Penn Library

Leopold Stokowski:
Making Music Matter

Curated by Marjorie Hassen

Otto E. Albrecht Music Library
University of Pennsylvania

Houston Symphony Orchestra

Leopold Stokowski and Harpo Marx

Stokowski served as conductor of the Houston Symphony Orchestra from 1955 to 1960. At the end of his tenure he became particularly disenchanted with his post in a "provincial" city, as invitations from major orchestras in the United States and Europe grew in number. At the same time he was fighting prevailing racial discrimination. He faced objections to his attempts to engage the African-American mezzo-soprano Shirley Verrett, and he created a stir when he indicated his intention to use a chorus from a black university in a performance of Arnold Schoenberg's Gurrelieder. It was only after Stokowski's resignation from Houston that the Orchestra's management finally relented, and a performance of the work was planned for the 1961-62 season, with Stokowski as guest conductor. The two all-white choruses that had been engaged for the performance, however, withdrew, and the Orchestra canceled the performances. Not for the first time, Stokowski aired his grievances in the press, but none of the three Houston newspapers printed his letter in full.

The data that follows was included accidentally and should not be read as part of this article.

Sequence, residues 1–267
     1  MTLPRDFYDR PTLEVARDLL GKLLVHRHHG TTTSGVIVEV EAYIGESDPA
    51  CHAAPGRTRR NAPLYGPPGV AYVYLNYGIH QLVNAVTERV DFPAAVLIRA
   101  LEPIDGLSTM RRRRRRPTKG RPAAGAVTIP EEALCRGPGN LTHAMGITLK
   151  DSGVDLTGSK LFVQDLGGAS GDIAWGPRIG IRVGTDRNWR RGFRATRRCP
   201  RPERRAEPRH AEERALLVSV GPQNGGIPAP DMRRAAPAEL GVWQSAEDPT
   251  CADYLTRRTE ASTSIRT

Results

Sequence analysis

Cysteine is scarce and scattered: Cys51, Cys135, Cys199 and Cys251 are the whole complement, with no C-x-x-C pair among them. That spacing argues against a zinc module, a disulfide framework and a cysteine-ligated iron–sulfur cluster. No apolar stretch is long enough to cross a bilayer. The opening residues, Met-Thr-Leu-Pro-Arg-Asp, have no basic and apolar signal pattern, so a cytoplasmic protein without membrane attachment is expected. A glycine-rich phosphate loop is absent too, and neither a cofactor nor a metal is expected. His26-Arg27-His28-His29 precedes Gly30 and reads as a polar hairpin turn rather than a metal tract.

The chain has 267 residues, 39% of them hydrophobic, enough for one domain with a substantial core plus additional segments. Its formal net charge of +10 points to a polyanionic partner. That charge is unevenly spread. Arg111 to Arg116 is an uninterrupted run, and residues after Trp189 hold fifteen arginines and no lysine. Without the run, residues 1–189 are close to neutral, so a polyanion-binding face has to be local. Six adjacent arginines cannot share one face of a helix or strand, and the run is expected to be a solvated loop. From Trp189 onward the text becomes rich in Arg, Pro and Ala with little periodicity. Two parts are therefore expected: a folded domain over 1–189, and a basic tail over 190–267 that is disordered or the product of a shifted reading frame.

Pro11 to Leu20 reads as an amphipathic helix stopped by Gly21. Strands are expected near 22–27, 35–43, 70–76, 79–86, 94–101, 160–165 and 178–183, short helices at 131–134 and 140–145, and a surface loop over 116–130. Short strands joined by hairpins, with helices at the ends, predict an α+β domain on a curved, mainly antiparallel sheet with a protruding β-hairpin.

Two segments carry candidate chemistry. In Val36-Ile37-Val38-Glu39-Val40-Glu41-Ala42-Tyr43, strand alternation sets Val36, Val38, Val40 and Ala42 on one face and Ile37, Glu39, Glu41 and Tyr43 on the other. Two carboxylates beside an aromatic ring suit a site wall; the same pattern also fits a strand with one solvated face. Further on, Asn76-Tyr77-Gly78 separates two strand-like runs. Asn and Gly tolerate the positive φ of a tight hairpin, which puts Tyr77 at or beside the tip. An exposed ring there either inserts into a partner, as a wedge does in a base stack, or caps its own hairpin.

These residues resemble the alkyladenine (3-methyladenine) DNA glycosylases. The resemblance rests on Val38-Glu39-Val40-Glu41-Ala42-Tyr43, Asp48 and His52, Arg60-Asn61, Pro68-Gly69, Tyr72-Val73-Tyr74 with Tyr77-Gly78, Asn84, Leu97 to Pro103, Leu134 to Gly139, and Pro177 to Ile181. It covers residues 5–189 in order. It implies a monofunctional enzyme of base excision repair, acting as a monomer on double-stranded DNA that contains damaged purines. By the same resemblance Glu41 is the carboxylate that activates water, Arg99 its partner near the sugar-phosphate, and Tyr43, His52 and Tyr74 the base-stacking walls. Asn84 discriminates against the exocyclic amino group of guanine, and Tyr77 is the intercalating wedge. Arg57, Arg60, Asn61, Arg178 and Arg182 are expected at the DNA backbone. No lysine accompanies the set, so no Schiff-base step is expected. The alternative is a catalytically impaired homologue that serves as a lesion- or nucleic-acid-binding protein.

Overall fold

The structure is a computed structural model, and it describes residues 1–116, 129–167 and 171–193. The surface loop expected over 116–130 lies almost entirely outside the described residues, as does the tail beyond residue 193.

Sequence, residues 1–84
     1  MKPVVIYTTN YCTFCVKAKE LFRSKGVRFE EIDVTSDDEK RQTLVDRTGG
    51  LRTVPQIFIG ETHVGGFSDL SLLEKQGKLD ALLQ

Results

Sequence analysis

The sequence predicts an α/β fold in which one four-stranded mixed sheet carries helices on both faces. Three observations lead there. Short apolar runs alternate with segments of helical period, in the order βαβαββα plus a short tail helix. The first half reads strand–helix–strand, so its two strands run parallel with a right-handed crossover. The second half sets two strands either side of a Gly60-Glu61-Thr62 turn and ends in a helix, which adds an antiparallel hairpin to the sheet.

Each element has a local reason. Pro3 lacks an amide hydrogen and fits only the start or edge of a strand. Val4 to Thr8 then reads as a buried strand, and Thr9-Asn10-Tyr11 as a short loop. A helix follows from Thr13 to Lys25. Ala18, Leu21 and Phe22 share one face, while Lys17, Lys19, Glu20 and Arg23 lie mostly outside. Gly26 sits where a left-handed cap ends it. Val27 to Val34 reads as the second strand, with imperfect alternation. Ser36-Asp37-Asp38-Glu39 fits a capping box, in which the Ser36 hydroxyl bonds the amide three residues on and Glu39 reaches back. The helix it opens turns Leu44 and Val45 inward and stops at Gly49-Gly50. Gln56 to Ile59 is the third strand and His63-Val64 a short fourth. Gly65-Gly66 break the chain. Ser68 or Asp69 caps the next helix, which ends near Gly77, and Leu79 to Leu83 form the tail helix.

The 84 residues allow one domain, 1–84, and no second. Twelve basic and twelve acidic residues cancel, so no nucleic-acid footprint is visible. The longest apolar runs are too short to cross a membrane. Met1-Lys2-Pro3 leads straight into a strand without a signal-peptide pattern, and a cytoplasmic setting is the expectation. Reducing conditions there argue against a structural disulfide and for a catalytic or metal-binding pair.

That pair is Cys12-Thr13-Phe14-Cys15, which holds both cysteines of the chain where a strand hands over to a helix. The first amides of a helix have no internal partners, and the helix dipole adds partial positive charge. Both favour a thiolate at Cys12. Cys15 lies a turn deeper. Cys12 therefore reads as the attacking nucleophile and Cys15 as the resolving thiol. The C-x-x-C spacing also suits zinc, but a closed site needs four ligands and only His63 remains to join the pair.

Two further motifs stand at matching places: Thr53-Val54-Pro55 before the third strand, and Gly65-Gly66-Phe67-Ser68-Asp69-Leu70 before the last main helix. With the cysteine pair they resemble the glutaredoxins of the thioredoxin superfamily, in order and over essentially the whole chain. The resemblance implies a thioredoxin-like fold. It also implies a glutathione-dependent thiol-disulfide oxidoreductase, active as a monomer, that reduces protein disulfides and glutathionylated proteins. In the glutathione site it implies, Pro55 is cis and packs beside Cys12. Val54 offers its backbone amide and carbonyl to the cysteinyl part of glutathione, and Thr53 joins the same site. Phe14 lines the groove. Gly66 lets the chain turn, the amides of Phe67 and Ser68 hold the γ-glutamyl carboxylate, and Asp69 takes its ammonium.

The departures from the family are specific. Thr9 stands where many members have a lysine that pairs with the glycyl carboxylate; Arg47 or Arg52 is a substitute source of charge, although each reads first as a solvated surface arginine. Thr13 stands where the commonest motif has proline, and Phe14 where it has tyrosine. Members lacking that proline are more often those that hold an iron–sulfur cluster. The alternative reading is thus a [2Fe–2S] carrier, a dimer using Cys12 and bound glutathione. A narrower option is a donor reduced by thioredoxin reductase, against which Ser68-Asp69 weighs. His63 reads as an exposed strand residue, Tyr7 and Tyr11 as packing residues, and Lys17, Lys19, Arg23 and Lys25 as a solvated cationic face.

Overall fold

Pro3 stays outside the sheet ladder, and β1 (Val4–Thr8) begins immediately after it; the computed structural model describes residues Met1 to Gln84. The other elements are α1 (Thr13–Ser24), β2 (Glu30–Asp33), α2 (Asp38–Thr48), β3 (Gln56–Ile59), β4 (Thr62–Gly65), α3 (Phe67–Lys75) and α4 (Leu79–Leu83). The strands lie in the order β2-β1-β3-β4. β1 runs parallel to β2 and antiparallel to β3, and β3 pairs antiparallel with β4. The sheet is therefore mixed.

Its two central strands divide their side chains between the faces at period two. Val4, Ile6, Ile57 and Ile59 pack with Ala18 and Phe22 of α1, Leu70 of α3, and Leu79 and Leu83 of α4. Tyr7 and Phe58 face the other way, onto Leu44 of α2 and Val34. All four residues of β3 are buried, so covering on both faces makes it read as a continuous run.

While in Houston, Stokowski maintained his dedication to contemporary music and presented a number of premieres during his five-year tenure. Among these were world premieres of works by Alan Hovhannes and Henry Cowell, and United States premieres of works by Jean Sibelius, Aram Khachaturian, Olivier Messiaen, and Dmitri Shostakovich, whose Symphony No. 11 was also recorded for Capitol Records.

Leopold Stokowski and the Houston Symphony Orchestra
Photographer: Jim Thomas

Leopold Stokowski Conducting the Houston Symphony Orchestra
ca. 1957

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